Listen to interviews of citizens who were forced to use their firearm and lived to tell about it, and a common thread becomes clear. Most will note it happened fast, and not in any way, shape or form they had expected.
Self-defense situations become chaotic very, very quick. We all have a dominant hand, and most of us train regularly with that hand, but what happens when you need to fight with your non-dominant one? Can you do it? More importantly, can you do it safely, quickly and accurately?
The Power Of Versatility
Speer’s Technical Lead in Law Enforcement Ammunition, Johann Boden, notes the importance of being versatile and having balance.
“You just don’t know how it’s all going to go down,” Boden says. “Most everyone trains with two hands on the firearm, and most with their dominant hand controlling it. What happens when they have to sweep a child out of the way?”
He is quick to add that most every person will use their dominant hand to move a child or an object such as a door out of the way. They will need to fight one-handed, and most of the time, the hand they fight with will be their non-dominant one because the dominant hand is being used to sweep. You have to prepare and practice for situations such as this.
“We see it all the time,” says Boden. “A person has to side-sweep a loved one out of the way and then start fighting. Then there are those times when a person is holding a phone or walking a dog. Things happen. You have to be able to shoot with one hand, and you need to be able to operate your firearm efficiently with both your left and right. This takes lots of training.”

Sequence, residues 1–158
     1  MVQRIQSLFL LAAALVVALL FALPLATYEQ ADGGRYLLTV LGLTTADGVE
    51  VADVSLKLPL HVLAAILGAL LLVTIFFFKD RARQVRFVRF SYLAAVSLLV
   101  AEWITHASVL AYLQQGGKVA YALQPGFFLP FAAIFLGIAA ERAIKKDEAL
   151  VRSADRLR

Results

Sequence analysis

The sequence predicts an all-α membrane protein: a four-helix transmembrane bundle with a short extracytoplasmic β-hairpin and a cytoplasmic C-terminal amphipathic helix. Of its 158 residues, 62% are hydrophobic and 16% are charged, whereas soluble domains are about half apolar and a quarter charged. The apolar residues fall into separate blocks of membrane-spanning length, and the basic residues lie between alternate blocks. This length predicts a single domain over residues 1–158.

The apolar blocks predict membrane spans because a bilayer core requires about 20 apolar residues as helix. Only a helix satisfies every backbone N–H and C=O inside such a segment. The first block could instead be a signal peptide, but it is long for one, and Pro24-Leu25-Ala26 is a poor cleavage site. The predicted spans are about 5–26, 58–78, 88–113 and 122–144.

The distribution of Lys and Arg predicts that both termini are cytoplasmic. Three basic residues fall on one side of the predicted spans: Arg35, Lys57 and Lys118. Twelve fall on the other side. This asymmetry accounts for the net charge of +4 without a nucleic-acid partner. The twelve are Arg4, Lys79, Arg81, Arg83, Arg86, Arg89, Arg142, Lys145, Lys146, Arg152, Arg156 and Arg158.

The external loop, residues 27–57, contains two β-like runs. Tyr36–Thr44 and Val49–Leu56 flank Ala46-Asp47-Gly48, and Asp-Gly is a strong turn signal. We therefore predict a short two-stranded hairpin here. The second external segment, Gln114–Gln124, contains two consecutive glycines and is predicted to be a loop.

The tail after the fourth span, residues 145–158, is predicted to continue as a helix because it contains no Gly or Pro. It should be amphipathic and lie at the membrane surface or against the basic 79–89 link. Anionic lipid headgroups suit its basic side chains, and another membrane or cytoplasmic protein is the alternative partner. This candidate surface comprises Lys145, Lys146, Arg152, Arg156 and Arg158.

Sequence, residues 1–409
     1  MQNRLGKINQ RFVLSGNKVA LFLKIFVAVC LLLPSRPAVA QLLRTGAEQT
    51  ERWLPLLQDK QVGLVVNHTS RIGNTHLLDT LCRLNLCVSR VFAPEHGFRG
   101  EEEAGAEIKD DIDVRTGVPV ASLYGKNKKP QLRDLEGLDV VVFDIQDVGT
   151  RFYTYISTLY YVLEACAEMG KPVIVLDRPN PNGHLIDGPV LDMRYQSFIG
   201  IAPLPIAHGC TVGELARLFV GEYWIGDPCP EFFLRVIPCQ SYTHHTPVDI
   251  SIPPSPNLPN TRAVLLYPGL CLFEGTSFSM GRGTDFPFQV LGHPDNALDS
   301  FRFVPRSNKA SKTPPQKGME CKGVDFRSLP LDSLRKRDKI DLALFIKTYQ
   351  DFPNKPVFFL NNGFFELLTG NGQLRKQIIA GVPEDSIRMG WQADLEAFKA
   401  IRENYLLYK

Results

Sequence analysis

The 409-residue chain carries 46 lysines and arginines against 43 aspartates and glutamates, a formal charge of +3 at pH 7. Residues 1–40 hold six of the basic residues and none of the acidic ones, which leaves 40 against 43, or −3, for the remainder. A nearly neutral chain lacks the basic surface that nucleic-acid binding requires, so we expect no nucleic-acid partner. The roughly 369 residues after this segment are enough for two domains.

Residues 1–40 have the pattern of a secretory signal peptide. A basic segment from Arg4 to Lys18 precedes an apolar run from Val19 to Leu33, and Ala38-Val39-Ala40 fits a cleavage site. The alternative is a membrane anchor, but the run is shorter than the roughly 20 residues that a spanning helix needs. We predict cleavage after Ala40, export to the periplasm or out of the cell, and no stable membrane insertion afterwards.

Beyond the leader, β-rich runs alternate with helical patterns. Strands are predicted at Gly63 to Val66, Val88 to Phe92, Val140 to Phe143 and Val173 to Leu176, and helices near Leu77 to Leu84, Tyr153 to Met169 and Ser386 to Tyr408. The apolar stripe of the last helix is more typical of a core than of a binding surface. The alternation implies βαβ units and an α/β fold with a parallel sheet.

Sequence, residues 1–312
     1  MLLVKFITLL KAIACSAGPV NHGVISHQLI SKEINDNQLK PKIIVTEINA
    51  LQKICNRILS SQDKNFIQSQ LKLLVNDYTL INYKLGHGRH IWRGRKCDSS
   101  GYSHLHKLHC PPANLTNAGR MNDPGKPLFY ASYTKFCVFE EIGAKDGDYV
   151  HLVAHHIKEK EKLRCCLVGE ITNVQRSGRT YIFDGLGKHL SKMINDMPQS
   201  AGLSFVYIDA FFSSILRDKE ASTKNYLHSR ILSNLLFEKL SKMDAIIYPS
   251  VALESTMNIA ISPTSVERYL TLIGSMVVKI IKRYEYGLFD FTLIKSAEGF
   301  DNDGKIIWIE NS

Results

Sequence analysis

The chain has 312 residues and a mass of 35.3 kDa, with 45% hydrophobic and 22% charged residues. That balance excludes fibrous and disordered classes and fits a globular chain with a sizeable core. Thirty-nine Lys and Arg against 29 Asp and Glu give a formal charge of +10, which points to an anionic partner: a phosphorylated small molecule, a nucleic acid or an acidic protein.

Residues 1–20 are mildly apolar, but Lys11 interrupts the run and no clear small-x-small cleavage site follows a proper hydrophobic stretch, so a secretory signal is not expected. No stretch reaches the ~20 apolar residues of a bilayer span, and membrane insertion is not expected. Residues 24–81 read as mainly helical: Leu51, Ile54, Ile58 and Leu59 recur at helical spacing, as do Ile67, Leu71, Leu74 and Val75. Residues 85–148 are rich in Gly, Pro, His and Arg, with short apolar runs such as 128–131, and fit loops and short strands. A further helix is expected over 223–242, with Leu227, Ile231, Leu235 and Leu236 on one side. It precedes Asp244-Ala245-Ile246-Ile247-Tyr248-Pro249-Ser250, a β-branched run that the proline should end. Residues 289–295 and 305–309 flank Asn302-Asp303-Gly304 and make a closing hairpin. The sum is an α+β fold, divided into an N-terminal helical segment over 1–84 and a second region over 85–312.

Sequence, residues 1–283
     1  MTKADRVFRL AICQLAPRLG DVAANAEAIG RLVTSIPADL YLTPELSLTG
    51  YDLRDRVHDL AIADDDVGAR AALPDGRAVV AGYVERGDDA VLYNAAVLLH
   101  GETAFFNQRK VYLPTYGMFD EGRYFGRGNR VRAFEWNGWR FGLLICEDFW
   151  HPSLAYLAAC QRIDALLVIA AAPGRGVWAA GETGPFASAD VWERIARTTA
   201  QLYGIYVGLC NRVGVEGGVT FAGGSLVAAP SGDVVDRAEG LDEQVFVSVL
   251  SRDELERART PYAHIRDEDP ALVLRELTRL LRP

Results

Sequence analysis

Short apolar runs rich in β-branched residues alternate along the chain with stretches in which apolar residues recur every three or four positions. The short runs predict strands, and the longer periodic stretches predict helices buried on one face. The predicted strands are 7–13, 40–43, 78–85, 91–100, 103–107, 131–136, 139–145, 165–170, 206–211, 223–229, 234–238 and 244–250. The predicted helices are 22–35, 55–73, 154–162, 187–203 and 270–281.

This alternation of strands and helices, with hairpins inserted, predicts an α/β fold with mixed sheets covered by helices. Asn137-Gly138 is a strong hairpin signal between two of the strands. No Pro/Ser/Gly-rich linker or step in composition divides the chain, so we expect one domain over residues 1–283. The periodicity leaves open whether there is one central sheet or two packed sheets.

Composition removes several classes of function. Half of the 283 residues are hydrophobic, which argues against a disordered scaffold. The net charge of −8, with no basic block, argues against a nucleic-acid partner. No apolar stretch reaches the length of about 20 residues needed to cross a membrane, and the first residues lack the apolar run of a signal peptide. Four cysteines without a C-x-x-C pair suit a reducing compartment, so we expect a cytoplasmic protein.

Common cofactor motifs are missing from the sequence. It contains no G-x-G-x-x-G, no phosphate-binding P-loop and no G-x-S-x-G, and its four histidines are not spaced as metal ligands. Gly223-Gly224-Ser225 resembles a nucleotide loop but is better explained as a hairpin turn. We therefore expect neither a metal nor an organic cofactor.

It’s also important to know that more than 50 percent of self-defense situations are reactive and not active. This simply means, in many cases, the person being attacked didn’t initiate it. They have been shot at, slashed at with a knife or had hands put on them. They are operating from the reactive. This means the person being attacked will raise something to block a blow, and that something is typically the dominant arm. This is yet another reason to know how to fight one-handed and with both the left and right.
“You have to train for it,” Boden says. “You will be in a stressful situation. We see it all the time in training environments and in competition shooting. As soon as a person has the intent to use a weapon one-handed, the other hand typically gets placed in danger. A person reaches for a door as they are pressing out and the muzzle of the firearm is pointing right at the hand on the door handle. You have to learn, regardless of what hand you’re fighting with, to get the other hand back and up against the chest, throat or face area as soon as possible. This can only be accomplished through practice.”
Another great asset to being able to fight with both hands is operating from cover. If you are forced to operate around the left side of cover and you’re a right-hander, there is no good way to engage a target, return fire or even look without exposing the upper side of your left torso. If you can switch to your left-hand and left eye competently, you can fight while staying virtually invisible.
But it takes practice, time and effort. Invest in them now and reap the rewards should the world throw you a curve and put you in the fight of your life.
Gold Dot Carry Gun
Subcompact confidence. This new load uses our Gold Dot G2 bullet, but it’s been adapted to feed, shoot and perform better on impact through compact concealed handguns. It’s all in the nose. Instead of a large hollow-point cavity, it has a shallow dish filled with a high-performance elastomer.Buy Now